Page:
On April 11th,Joan Chamberlin, Kerry Kertes, and Ron Thompson from Southern Maine Astronomers and Brian Stephenson, a senior astronomy student from Cape Elizabeth High School, boarded a ferry for North Haven Island with all their astronomy gear and activities in tow.

Joan and Ron are waiting for the ferry.

Kerry, Ron, and Brian are ready for GAM. Where’s the ferry?

After an hour and ten minutes on the ferry, North Haven village is in sight.

Their hostess, Lisa Shields, greets them and takes them to the school, where they set up the solar telescopes, the big silver-domed portable planetarium, and some special hands on astronomy activities for kids and adults. Community members and some students start arriving for the fun around 1:00 PM.
Ron gives a talk about the sun and solar viewing safety. Then visitors begin looking through the telescopes, where they look at prominences and sun spots.

Looking at the Sun

Brian and Kerry showing the sun.

Ron showing the sun.

In the gym, the Star Lab Planetarium has been set up for everyone to look at the stars. As Lisa, the North Haven hostess, describes it, “After entering through an igloo-like tunnel, we could see the stars begin to emerge, becoming more brilliant and more plentiful in the sky as our eyes adjusted to the blackness. Kerry pointed out constellations, the Milky Way and how it was so-named, which stars are hotter than others and why, and where planets are in relation to the stars at certain times of the year.
That evening, while waiting for the earth to rotate enough so that the sun would go down, Brian shared part of his light pollution study with students and adults.” Brian explained the Globe at Night project in hopes that maybe next year the students at this school might take part.


Also during that day, Joan did several hands on activities with students and adults. Below are two photos of Joan making solar and lunar eclipses with kids using yard sticks and beads for Earth and the moon.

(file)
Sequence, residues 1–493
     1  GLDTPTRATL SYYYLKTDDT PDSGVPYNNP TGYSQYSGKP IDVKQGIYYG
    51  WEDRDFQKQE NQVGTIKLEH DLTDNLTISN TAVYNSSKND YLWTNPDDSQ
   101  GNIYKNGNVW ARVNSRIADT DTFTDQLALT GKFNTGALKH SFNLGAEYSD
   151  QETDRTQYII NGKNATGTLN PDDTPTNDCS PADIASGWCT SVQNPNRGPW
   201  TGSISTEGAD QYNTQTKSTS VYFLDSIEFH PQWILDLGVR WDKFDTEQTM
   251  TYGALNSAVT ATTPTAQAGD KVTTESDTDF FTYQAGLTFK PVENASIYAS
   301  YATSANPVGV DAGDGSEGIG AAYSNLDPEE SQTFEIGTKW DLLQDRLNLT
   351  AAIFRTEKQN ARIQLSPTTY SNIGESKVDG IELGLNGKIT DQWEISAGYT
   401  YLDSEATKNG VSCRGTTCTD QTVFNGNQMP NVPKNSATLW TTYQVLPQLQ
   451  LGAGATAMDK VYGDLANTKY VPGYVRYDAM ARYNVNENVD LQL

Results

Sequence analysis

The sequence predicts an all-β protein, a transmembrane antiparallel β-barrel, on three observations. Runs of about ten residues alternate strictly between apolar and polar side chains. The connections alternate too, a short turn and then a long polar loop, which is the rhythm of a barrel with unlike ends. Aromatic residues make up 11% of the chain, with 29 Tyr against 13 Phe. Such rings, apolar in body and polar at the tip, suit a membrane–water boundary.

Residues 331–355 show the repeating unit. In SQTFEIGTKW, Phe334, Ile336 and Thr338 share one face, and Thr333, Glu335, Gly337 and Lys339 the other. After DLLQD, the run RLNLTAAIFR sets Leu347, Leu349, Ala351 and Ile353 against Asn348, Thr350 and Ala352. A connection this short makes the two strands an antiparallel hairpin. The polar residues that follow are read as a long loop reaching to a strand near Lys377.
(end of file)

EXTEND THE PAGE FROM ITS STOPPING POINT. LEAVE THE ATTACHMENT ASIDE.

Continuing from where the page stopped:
Another hands on activity that kids loved involved making moon craters and Earth craters using pans of flour with cocoa powder on the top and dropping pebbles without looking to make craters. Below a little boy is dropping a “meteorite.”


Joan and Brian also made Uncle Al’s planispheres with some of the kids and showed them how to use them. There were many very young children who needed lots of help, but older kids there all helped the little ones too. The photos below show the fun they had.

Joan working with kids to make planesphere.

Brian helping kids with planispheres.

Kids making planispheres on Sun-Day

Activities went on from 1:00-5:00. Then everyone took a short break for a tour of the island and dinner. By 7:00 PM evening activities began. Joan gave a talk to a group of about 30 people about Astronomers Without Borders and the Virtual Telescope. After that talk, Brian talked about light pollution. Then it was time to go outside and look through the telescopes. Also, looking at Orion, people tried to figure out what the limiting magnitude of the sky was there at the school. Most people thought it was a limiting magnitude of about five or six. Many community members and students came to the star party. Lisa Shields, describes the event this way. “People moved from one telescope to another, exclaiming, “You’ve got to come see Saturn!”, “Joan has found the Leo Trio” (three galaxies near the Leo constellation, about 35 million light years from Earth) and “There’s another star beneath Orion’s belt!”
This was the end of a very long day, and all the astronomers were quite tired. They stayed at the houses of people on the island, who were very gracious hosts.
On Monday morning, the group met at the school for a full day of presentations, planetarium presentations, and solar viewing and talks. All four presenters were working non-stop to do presentations for children in grades kindergarten through grade 12.

Ron and Brian showing the sun

Joan doing pocket solar systems with a class

By 2:00 PM it was time to pack up and leave the beautiful island. Students helped pack up the portable planetarium, and the presenters headed for the ferry.




Report by Joan Chamberlin with additions by Lisa Shields
Pictures by Lisa Shields and Joan Chamberlin


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